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Challenges of Engineering Our Post-Brexit Future

Last month’s message from Theresa May as she reiterated that “Brexit means Brexit” couldn’t be much clearer. Her words signaled an end to the ‘rabbit in the headlights’ limbo period that surrounded the EU referendum and encouraged a move into a more proactive phase where we need to take control of our own destiny.

28th September 2016    |     Peter Rolton: Chairman, Rolton Group

As the government moves ever closer towards triggering Article 50 of the Lisbon Treaty, starting a two-year countdown to the UK’s departure from the EU, we must work hard to establish a secure future for the engineering industry.

The referendum has left the UK at a crossroads. Our decision to exit the EU leaves the newly-established Department for Business, Energy and Industrial Strategy with a huge challenge. Tasked with working alongside the Department for Exiting the European Union, this Government division will be responsible for ensuring that the engineering industry juggernaut continues to roll following our departure from the EU. As the industry currently supports 14.5 million jobs and contributes £455.6 billion to the economy, it's crucial we take the right path.

Among the many complications that arise with such a breakaway, the engineering industry is going to have to come to terms with new regulations and standards if the ones set out by the European Union are no longer going to be adhered to. For building services engineers the level of legal complexity prompted by leaving the EU is unprecedented, especially in the area of environmental and energy management law, with an estimated 40,000 individual items of legislation affected[1]. These standards were put in place so that the industry as a whole across Europe could continue to grow and improve – without them the UK has the opportunity to forge its own path, but must still remain mindful of how EU legislation may affect dealings with our continental neighbours. Any new UK-centric legislation must be forward-thinking, to ensure that we do not lose our place among the global elite for innovation and technology.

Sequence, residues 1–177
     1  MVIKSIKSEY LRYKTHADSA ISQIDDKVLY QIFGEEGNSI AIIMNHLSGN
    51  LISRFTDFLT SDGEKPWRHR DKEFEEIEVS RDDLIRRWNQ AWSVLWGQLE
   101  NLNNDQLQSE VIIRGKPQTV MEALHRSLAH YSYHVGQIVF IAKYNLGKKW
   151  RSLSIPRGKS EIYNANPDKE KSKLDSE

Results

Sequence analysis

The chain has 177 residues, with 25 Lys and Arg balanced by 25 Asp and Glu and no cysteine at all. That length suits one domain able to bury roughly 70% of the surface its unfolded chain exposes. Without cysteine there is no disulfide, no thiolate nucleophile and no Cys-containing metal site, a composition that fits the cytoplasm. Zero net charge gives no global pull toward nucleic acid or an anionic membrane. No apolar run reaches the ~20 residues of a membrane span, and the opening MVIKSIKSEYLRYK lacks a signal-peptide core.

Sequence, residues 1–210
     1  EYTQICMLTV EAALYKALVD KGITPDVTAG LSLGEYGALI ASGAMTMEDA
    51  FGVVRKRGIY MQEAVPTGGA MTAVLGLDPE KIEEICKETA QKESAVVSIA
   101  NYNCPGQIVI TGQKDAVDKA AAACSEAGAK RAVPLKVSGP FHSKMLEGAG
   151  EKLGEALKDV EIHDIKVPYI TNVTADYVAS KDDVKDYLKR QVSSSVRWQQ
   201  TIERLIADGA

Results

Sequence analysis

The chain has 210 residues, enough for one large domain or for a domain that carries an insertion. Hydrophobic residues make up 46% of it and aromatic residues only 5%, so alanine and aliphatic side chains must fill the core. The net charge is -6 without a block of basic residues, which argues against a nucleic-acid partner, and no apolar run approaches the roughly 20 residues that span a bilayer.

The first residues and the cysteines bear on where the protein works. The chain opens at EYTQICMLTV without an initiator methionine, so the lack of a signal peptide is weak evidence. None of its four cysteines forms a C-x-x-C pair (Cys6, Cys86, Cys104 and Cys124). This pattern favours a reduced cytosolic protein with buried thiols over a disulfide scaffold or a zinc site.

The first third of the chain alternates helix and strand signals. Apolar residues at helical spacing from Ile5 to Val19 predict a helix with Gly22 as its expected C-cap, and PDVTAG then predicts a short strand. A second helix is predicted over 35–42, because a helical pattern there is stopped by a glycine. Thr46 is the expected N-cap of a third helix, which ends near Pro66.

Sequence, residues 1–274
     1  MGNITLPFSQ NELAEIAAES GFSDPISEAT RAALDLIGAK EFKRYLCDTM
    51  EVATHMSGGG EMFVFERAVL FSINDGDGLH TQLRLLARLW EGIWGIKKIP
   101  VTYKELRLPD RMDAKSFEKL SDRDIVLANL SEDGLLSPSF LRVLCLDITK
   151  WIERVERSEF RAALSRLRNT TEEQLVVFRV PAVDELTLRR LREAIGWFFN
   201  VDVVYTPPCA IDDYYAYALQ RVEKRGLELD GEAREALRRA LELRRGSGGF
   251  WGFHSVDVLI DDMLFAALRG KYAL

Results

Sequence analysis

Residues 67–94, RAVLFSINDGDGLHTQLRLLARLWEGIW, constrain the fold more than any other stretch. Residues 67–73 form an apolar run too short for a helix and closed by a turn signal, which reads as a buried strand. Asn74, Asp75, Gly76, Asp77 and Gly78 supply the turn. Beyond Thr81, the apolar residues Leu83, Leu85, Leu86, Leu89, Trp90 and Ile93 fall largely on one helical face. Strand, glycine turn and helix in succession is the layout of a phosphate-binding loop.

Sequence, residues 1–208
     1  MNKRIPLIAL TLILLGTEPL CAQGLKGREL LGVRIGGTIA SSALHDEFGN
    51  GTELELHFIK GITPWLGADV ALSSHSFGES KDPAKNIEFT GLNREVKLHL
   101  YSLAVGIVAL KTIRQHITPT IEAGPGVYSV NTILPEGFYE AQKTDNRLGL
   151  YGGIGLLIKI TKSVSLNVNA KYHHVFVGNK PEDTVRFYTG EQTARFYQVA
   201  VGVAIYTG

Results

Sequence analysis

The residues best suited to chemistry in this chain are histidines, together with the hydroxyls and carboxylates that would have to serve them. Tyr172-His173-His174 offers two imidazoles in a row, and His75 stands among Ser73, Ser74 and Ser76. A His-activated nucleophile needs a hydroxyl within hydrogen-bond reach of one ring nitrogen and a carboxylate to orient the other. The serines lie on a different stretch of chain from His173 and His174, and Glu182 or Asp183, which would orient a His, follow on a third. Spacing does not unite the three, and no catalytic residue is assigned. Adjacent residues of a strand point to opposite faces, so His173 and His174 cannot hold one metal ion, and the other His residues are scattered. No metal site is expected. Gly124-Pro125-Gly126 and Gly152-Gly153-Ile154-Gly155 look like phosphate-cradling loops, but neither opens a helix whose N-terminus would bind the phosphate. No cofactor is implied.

Brexit means that long-established trade links with the EU may have to be re-negotiated. Without the standards and support implemented by the union, the UK risks losing its place among the best for innovation and technology and being left behind on the global stage. In particular, research and development could vastly suffer without EU funding, so post-Brexit, the UK's strategy should include actions to counter this likely negative effect. The UK is renowned globally as a research powerhouse, home to four of the top 10 universities in the world, which now face the prospect of cuts to grants and public finances. Although the Government has promised that any EU funding secured prior to Brexit will be covered internally[2], this would be a huge undertaking and doesn't promise a stable solution for the long term.